A Graphic Design Origin of Interaction Design?
There is something telling in that academic programs in interaction design begin at the graduate level but not at the undergraduate level. Carnegie Mellon, for example, offers only a BDes in design (with tracks that form elements of interaction design but are not themselves called interaction design). To be an interaction designer, it seems, you must first come with prior knowledge of another field.
This in some way reflects the way I came to find interaction design — as an extension, outgrowth, inevitable progression of graphic design meeting technology. The other day I met a graphic designer who was considering pausing his career to join the interaction design field because (as I often hear) that’s the way the field is headed. My own path to discovering the field followed along the lines of print design → web design → UX design → interaction design. If graphic design is most often applied to paper-based materials, then it is static, and it is inevitable that we would need to expand our theories of design once we incorporated the interactive elements that technology allows for (clicking, swiping, etc).
Basic theories of communication design remain but expanded theories about how to handle these moving parts are added. Then theories proliferated further as technology proliferated both in type and use. For people like myself who grew up in an age when interfaces were graphical and technology at its most basic was discretionary*, it seems like graphic design is an obvious place to look for the origins of interaction design.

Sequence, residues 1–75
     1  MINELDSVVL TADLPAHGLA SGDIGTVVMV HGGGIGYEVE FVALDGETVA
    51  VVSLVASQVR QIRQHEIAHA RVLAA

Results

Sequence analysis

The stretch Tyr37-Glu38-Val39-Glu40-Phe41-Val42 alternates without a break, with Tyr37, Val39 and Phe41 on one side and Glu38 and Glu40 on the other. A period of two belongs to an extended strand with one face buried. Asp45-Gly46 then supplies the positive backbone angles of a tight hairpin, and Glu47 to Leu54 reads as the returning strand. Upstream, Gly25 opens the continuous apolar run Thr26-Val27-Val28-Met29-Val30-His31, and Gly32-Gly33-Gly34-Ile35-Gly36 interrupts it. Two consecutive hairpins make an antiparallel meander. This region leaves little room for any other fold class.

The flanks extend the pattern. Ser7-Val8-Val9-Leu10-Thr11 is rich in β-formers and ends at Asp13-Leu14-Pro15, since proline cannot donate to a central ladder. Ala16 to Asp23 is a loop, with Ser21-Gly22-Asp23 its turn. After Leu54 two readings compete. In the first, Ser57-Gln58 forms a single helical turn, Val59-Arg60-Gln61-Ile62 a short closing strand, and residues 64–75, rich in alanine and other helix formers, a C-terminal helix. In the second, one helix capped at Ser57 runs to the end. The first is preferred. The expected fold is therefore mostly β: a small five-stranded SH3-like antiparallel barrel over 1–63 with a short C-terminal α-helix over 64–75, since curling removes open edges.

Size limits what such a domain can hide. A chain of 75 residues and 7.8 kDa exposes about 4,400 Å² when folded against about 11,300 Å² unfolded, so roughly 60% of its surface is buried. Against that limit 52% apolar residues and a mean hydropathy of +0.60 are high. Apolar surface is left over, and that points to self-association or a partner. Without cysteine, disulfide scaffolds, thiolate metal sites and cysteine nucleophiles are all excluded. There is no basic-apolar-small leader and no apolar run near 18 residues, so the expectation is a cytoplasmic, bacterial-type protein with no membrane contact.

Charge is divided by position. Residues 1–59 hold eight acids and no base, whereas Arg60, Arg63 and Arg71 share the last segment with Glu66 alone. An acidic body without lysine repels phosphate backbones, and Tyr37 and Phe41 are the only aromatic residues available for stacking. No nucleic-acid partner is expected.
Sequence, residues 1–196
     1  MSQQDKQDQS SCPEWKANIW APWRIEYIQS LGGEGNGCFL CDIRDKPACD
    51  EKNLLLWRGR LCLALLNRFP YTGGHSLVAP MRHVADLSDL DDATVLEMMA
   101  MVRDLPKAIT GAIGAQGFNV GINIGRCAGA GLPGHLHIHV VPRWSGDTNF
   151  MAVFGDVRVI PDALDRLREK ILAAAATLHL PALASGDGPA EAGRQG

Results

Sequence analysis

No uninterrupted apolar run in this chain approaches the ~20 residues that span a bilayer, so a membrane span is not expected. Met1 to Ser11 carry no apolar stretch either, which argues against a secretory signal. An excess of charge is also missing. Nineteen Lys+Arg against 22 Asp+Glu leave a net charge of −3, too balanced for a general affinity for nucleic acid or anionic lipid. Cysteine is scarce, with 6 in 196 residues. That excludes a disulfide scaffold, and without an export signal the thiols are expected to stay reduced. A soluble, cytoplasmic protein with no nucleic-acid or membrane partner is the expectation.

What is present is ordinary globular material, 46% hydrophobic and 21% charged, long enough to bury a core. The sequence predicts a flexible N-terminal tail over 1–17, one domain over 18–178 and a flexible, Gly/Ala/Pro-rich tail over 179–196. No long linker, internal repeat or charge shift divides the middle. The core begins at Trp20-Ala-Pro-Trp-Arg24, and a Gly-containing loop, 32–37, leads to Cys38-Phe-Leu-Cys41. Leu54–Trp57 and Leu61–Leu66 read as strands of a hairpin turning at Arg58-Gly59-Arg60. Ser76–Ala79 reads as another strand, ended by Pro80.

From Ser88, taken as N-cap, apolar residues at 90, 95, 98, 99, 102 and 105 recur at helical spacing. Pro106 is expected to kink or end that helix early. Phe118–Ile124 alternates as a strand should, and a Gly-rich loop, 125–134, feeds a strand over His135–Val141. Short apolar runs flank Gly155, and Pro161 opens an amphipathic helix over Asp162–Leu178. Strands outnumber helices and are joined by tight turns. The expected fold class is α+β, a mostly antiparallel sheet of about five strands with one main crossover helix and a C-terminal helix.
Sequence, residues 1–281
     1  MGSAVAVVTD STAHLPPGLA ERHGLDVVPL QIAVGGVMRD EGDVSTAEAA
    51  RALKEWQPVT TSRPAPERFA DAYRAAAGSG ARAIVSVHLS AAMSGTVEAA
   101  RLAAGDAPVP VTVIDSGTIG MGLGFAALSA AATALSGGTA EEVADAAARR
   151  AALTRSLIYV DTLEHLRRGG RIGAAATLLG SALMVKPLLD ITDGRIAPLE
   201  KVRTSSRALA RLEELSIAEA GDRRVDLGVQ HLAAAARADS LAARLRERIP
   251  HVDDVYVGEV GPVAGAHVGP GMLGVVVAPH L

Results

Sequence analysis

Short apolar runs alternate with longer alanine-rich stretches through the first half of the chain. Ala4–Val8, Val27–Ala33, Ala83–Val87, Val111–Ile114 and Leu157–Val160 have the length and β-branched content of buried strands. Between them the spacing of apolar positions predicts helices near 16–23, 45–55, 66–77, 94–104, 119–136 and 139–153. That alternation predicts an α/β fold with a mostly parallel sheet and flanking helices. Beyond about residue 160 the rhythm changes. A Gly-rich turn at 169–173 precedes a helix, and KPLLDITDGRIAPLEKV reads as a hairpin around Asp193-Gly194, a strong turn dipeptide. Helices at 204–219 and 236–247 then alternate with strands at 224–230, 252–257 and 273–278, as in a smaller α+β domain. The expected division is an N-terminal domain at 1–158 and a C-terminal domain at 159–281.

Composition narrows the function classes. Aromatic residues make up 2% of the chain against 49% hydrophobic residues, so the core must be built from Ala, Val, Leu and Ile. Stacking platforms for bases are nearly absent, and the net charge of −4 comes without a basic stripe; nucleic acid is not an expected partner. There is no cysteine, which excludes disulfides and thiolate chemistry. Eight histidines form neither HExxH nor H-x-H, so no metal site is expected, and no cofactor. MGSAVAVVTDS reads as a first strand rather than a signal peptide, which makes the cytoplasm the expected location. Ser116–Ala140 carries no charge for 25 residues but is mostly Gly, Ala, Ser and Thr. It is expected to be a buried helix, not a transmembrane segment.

While psychologists, ergonomists, computer scientists, and technologists of software engineering and HCI were the roles traditionally traced as those that built the foundation for interaction design, there is no reason we can’t find the threads of communication designers throughout (i.e. how type has evolved from print to screen to digital ink).
With the flood of graphic designers joining interaction design more recently (and seeing it as a natural extension of their current skills) that will certainly influence the field to include core communication design theories. The more we think about products, apps, even process as designed to communicate a message, we can start asking what they explicitly and implicitly communicate (as Tara McPherson does in “Operating Systems at Mid-Century”).
*Although a few of my fellow Cinema & Media Studies majors documented themselves in the film “Disconnected” trying to function in college without a computer to demonstrate how un-discretionary this technology really was.